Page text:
The United States is the great mediator and impediment to direct confrontation in the tension between Saudi Arabia and Qatar. Both countries are members of the United Nations and allies of the US. Europe and American presidents have been aware that a direct confrontation between the two countries could prove fatal for the region and their commercial interests related to oil and the Strait of Hormuz.

On the other hand, the UK government has remained aloof in taking a position on the Qatar diplomatic crisis. Emir Tamim Al Thani owns 95 per cent of The Shard building, eight per cent of the London Stock Exchange and Barclays bank, as well as flats, stocks and shares in companies in the UK capital. Qatari investments in the UK capital total around $60 billion.

In 2016, former British Prime Minister David Cameron showed his concern about the future when the London mayoralty was occupied by Sadiq Khan, a Muslim who has appeared on more than one occasion alongside Sulaiman Gani, an imam who supports the Islamic State and the Muslim Brotherhood.[10]

VII. Civil war in Yemen

Since foreign military intervention in Yemen's civil war began in 2015, at the request of Yemeni President Rabbu Mansur Al Hadi, Qatar has aligned itself with the states of the committee Cooperation for the Arab States of the Gulf (Bahrain, Kuwait, Oman, Qatar, Saudi Arabia and the United Arab Emirates), backed by the United States, the United Kingdom and France, Saudi Arabia and the United Arab Emirates), backed by the US, the UK and France, to create an international coalition to help restore Al Hadi's legitimate power, which has been under siege since the coup d'état by Houthis and forces loyal to former president Ali Abdala Saleh. However, Qatar has been accused of clandestinely supporting the Houthi rebels[11], and the rest of the committee countries view its actions with great caution.

Today, the Yemeni civil war has become the largest humanitarian crisis since 1945.[12] On 11 August 2019, South Yemeni separatists, backed by the United Arab Emirates, which initially supports al-Hadi's government, seized the port city of Aden, storming the presidential palace and the military instructions . The president, in exile in Riyadh, has described the attack by his allies as a coup against the institutions of the legitimate state, and has received direct support from Saudi Arabia. After days of tension, the Southern Movement separatists left the city.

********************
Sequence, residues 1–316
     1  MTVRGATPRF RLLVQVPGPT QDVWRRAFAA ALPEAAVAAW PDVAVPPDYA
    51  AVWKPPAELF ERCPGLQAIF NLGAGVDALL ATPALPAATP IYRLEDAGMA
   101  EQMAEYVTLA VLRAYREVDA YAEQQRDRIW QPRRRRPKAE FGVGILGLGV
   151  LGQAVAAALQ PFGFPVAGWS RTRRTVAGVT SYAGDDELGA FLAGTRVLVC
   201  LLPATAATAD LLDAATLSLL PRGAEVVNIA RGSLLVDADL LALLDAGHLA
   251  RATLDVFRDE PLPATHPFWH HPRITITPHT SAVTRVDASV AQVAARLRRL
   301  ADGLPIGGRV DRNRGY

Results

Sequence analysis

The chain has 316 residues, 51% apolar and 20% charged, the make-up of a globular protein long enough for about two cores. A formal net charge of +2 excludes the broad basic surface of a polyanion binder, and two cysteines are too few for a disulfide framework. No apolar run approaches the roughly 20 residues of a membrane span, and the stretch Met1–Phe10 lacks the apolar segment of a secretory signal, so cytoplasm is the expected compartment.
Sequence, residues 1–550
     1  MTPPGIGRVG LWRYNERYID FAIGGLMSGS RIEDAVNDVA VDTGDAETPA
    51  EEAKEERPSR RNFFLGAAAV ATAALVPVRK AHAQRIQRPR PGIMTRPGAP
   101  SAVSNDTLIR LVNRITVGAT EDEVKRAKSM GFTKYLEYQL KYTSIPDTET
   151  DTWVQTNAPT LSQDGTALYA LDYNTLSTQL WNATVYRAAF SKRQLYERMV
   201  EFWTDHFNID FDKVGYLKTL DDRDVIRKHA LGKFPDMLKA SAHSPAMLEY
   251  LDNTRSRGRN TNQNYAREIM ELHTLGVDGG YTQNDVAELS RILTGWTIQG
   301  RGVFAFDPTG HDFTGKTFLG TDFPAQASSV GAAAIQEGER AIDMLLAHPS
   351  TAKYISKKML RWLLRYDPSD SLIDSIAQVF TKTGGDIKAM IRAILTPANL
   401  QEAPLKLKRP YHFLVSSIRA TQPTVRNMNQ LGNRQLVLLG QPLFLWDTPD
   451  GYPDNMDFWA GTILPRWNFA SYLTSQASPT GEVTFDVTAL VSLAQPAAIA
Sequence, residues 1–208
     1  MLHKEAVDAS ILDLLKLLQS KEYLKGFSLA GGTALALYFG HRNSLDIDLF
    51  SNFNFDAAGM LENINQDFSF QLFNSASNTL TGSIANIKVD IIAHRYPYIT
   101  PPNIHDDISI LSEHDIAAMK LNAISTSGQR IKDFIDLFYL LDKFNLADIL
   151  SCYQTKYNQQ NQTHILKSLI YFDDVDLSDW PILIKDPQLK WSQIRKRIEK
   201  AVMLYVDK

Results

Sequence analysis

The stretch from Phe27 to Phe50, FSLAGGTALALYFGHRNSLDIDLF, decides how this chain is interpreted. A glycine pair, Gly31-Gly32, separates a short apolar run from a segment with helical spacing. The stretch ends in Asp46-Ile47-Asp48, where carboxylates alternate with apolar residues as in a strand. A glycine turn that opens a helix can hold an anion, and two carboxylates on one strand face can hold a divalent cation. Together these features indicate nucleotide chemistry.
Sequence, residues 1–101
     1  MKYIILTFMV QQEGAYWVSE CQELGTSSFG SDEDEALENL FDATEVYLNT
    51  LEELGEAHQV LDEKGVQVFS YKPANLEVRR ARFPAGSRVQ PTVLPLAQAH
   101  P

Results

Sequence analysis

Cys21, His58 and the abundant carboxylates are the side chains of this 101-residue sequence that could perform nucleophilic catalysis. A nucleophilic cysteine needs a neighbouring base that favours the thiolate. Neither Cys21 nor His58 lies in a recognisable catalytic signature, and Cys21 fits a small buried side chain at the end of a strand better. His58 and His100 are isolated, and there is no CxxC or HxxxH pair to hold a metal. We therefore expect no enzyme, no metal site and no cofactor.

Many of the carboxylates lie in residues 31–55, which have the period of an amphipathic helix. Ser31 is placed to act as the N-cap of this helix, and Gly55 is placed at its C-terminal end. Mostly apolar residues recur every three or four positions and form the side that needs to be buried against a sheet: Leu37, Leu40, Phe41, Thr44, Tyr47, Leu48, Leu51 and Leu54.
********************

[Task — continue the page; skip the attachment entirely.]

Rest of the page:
The Emirates and Saudi Arabia, along with other neighbouring states such as Bahrain and Kuwait, of Sunni belief, seek to halt the advance of the Houthis, who dominate the capital, Sana'a, and a possible expansion of Shi'ism promoted by Iran through the conflict in Yemen. Similarly, there is a strong geopolitical interest in the Strait of Bab el Mandeb, which connects the Red Sea with the Arabian Sea and is a major alternative to the flow of trade in the Strait of Hormuz, off the coast of Iran. This interest is shared by France and the US, which seeks to eliminate the presence of ISIS and Al Qaeda in the region.

The day after the capture of Aden, and in the midst of Eid Al-Adha celebrations, Abu Dhabi Crown Prince Mohammed bin Zayed met in Mecca with Saudi King Salman bin Abdelaziz and Saudi Crown Prince Mohammed bin Salman, in an apparent effort to downplay the significance of the event, call on the warring parties in the city to safeguard Yemen's interests, and reaffirm regional cooperation and unity of interest between the UAE and Saudi Arabia. [13] The Crown Prince of Abu Dhabi has posted on his official Twitter accounts comments and photographs from meeting in which a positive attitude can be seen on the faces of the leaders.

Conversely, if the partnership and understanding on the Yemen issue between the two countries were complete, as they claimed, there would be no need to create an apparently 'ideal' image through official communications from the Abu Dhabi government and the publication of images on social media.

Although the UAE supports the separatists, the latest developments have caused a sense of mistrust, raising the possibility that the southern militias are disregarding Emirati directives and starting to run a diary of their own to suit their own particular interests. Foreign sources are also beginning to speak of a civil war within a civil war. Meanwhile, Qatar remains close to Iran and cautious about status in the southwest of the Arabian Peninsula.

Categories Global Affairs: Middle East World order, diplomacy and governance Essays Saudi Arabia and the Persian Gulf

[John J. Mearsheimer, The Great Delusion: Liberal Dreams and International Realities, Yale University Press, September 2018, 328 pp.]

REVIEW / Albert Vidal

The Great Delusion: Liberal Dreams and International Realities

"For better or for worse, liberal hegemony is history". With such a statement John J. Mearsheimer concluded his talk about his recently published book "The Great Delusion: Liberal Dreams and International Realities" at SOAS University of London.